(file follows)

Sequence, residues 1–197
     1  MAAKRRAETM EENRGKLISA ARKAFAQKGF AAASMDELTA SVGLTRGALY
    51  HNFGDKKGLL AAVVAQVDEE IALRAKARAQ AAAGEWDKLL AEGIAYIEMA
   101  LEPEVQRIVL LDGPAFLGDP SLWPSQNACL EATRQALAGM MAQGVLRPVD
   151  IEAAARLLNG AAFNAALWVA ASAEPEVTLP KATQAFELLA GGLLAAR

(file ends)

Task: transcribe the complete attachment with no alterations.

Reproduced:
Sequence, residues 1–197
     1  MAAKRRAETM EENRGKLISA ARKAFAQKGF AAASMDELTA SVGLTRGALY
    51  HNFGDKKGLL AAVVAQVDEE IALRAKARAQ AAAGEWDKLL AEGIAYIEMA
   101  LEPEVQRIVL LDGPAFLGDP SLWPSQNACL EATRQALAGM MAQGVLRPVD
   151  IEAAARLLNG AAFNAALWVA ASAEPEVTLP KATQAFELLA GGLLAAR